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The Capital Region of Denmark - a part of Copenhagen University Hospital
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Cognitive behavioral psychotherapeutic treatment at a psychiatric trauma clinic for Refugees: description and evaluation

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  1. Satisfaction of trauma-affected refugees treated with antidepressants and Cognitive Behavioural Therapy

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  2. Follow-up study of the treatment outcomes at a psychiatric trauma clinic for refugees

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  3. Activity of daily living performance amongst Danish asylum seekers: a cross-sectional study

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  4. Psychotherapy with traumatised refugees – the design of a randomised clinical trial

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  2. Association between Mental Disorders and Subsequent Medical Conditions

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  3. Restriction of non-opioid analgesics sold over-the-counter in Denmark: A national study of impact on poisonings

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INTRODUCTION: Cognitive behavioural therapy (CBT) with trauma focus is the most evidence supported psychotherapeutic treatment of PTSD, but few CBT treatments for traumatized refugees have been described in detail.

PURPOSE: To describe and evaluate a manualized cognitive behavioral therapy for traumatized refugees incorporating exposure therapy, mindfulness and acceptance and commitment therapy.

MATERIAL AND METHODS: 85 patients received six months' treatment at a Copenhagen Trauma Clinic for Refugees and completed self-ratings before and after treatment. The treatment administered to each patient was monitored in detail. The changes in mental state and the treatment components associated with change in state were analyzed statistically.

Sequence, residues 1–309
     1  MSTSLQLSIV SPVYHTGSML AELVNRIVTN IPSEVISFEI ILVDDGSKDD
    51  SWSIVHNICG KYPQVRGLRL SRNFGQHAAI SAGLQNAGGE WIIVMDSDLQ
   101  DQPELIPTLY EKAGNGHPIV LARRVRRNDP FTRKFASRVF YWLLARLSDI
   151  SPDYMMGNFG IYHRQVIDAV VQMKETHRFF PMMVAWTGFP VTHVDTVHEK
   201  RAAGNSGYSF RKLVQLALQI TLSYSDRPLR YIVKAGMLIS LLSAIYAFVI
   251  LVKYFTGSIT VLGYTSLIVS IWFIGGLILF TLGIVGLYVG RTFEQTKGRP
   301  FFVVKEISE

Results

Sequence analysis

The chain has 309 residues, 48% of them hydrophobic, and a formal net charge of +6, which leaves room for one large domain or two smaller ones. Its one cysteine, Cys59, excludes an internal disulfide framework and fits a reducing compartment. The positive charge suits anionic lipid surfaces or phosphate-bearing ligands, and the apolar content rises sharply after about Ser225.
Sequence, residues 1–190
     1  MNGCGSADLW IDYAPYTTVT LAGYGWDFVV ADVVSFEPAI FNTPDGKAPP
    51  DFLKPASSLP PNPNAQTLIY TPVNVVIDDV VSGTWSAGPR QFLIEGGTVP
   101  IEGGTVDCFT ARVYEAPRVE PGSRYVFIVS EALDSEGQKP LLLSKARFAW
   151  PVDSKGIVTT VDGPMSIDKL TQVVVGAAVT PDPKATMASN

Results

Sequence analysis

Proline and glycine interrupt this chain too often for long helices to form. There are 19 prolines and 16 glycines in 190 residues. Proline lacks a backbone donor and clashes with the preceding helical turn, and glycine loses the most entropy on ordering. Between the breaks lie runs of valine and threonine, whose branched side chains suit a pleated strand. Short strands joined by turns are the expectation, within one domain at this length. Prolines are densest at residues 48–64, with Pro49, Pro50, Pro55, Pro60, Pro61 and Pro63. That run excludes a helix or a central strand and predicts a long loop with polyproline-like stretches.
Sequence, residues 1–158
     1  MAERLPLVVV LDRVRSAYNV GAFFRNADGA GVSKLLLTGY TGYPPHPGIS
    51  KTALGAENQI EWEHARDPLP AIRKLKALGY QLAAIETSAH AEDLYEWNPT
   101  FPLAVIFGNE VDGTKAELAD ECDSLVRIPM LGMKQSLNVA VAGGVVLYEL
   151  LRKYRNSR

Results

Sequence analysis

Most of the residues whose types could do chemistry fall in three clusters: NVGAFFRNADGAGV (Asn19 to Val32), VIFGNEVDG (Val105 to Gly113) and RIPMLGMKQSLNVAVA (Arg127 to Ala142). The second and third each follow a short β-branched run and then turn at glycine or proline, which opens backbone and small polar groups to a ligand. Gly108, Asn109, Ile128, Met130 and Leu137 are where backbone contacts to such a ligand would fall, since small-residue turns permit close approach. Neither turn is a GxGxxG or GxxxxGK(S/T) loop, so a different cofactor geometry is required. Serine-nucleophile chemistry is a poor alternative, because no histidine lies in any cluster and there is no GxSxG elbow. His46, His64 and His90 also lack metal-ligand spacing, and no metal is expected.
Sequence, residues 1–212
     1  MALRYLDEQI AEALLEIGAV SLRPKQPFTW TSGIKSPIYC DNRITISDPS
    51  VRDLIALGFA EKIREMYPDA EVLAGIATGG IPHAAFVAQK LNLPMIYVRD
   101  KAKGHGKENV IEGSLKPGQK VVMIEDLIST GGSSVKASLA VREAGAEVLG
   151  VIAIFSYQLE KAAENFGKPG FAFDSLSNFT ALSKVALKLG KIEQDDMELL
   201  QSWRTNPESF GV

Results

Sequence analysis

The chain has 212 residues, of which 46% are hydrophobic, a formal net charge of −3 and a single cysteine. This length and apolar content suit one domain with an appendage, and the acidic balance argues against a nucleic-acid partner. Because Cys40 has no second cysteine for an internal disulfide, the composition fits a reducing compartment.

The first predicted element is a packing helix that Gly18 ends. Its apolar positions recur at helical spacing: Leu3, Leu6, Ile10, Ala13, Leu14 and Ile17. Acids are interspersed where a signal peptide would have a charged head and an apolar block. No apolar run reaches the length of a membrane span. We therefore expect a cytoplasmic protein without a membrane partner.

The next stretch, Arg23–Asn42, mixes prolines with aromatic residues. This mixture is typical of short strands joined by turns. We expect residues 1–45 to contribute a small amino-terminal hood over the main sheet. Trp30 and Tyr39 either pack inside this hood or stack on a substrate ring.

RESULTS: Despite the low level of functioning and high co-morbidity of patients, 42% received highly structured CBT, which was positively associated with all treatment outcomes. The more methods used and the more time each method was used, the better the outcome. The majority of patients were able to make homework assignments and this was associated with better treatment outcome. Correlation analysis showed no association between severity of symptoms at baseline and the observed change.

CONCLUSION: The study suggests that CBT treatment incorporating mindfulness and acceptance and commitment therapy is promising for traumatized refugees and punctures the myth that this group of patients are unable to participate fully in structured CBT. However, treatment methods must be adapted to the special needs of refugees and trauma exposure should be further investigated.

Original languageEnglish
JournalTorture (on-line udgave af Torture Journal)
Volume25
Issue number1
Pages (from-to)17-32
Number of pages16
ISSN1997-3322
Publication statusPublished - 2015

ID: 45427513